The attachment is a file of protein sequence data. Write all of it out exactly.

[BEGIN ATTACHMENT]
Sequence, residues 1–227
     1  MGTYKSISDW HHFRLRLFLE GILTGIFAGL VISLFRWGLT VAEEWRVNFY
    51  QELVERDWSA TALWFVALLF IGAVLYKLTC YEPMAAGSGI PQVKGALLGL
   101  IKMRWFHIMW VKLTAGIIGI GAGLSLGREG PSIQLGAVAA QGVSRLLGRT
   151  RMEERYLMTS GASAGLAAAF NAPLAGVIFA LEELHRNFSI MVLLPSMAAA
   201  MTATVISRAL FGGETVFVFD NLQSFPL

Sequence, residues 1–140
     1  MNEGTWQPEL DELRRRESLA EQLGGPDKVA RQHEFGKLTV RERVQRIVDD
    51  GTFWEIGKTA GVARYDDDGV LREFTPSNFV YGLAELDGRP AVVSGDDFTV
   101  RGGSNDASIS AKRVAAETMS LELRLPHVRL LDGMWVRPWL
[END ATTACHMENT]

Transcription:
Sequence, residues 1–227
     1  MGTYKSISDW HHFRLRLFLE GILTGIFAGL VISLFRWGLT VAEEWRVNFY
    51  QELVERDWSA TALWFVALLF IGAVLYKLTC YEPMAAGSGI PQVKGALLGL
   101  IKMRWFHIMW VKLTAGIIGI GAGLSLGREG PSIQLGAVAA QGVSRLLGRT
   151  RMEERYLMTS GASAGLAAAF NAPLAGVIFA LEELHRNFSI MVLLPSMAAA
   201  MTATVISRAL FGGETVFVFD NLQSFPL

Sequence, residues 1–140
     1  MNEGTWQPEL DELRRRESLA EQLGGPDKVA RQHEFGKLTV RERVQRIVDD
    51  GTFWEIGKTA GVARYDDDGV LREFTPSNFV YGLAELDGRP AVVSGDDFTV
   101  RGGSNDASIS AKRVAAETMS LELRLPHVRL LDGMWVRPWL